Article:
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Summary: Useful for teams interested in planning teacher inquiry programs, this resource tells the story of a collaborative inquiry project carried out among teachers from writing project sites in Oklahoma and Nevada that not only transformed their individual teaching practices but also supported them to start teacher inquiry communities at their sites. This resource includes links to readings on inquiry, a PDF of a teacher inquiry-focused institute, and a great writing exercise (“The Stuck Place”) designed to help teachers begin to develop practice-based research questions.

Getting Real: Authenticity in Writing Prompts

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Author: Patricia Slagle

Summary: Are you excited about the idea of giving your students an authentic audience for their writing? If so, you will find this description of authentic writing prompts in a high school class a valuable resource. While the strategies and examples are drawn directly from a high school classroom, the approach to sharing the students’ writings with the intended audience, as well as the discussion about what happens when the intended audience does or does not respond, is applicable across all grade levels.

The Family Writing Project: No More Fear and Loathing in Las Vegas

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Author: Arthur Kelly

Summary: Describing the family writing project that he developed and led, Arthur Kelly explains that such programs offer families the rare opportunity to come together and create a community of writers: “As in National Writing Project summer institutes, participants in family writing projects discuss ideas and issues that are important to them. They work together on activities, write extensively, and respond to each other’s work.” Useful for teachers exploring program models to support community literacy, this article includes several writing prompts that work in family writing contexts as well as a rationale for why family writing programs build community and honor writing as they honor writers’ lives.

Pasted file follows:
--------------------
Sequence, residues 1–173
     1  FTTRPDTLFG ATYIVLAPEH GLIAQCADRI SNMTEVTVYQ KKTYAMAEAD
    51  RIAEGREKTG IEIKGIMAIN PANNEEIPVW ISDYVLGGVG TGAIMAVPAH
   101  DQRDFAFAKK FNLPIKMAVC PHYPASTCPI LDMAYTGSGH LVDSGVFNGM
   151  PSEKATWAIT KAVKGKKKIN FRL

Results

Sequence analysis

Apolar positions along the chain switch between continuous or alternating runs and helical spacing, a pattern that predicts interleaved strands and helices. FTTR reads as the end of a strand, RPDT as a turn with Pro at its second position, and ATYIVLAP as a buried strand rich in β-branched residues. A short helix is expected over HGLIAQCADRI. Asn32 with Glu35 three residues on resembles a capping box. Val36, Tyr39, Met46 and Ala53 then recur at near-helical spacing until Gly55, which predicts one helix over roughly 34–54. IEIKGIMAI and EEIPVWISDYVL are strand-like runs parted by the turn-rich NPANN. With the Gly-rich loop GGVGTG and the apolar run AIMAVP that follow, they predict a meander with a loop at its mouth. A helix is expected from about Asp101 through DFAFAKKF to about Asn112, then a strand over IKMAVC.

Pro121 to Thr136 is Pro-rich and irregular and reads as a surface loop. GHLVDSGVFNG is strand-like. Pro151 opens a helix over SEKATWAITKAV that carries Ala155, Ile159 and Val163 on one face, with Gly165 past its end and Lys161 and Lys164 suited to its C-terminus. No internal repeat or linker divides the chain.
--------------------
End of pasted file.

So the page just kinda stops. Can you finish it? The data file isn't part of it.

Tapping the Potential: Building Teacher Leadership While Rethinking Your Site

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Author: Ellen Brinkley and Anne-Marie Hall

Summary: Considering a leadership retreat? This article frames the experience of two site directors who used an NWP directors’ retreat as an opportunity to explore ways to invite new teacher leadership for the site. As they addressed site leader strengths, roles, and burnout, they used several writing and thinking exercises to focus on specific talents and interests in site leadership, then looked at teacher leaders who could be invited in and whose work could build capacity for the future.

C3WP: Teaching On-Demand Argument Writing

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Summary: This online learning experience from the College, Career, and Community Writers Program (C3WP) supports on-demand writing. A PowerPoint with a slide-by-slide voiceover, it takes you through a step-by-step approach to teaching on-demand arguments of policy. It uses a two-day reading and writing task as a teaching prompt and another reading-based prompt as the task students complete on-demand. The PowerPoint, once downloaded, is editable. This resource could provide a digital writing experience for teacher groups to explore their own on-demand argument writing skill, or it could be used as a model so teachers can form their own on-demand readings and prompts.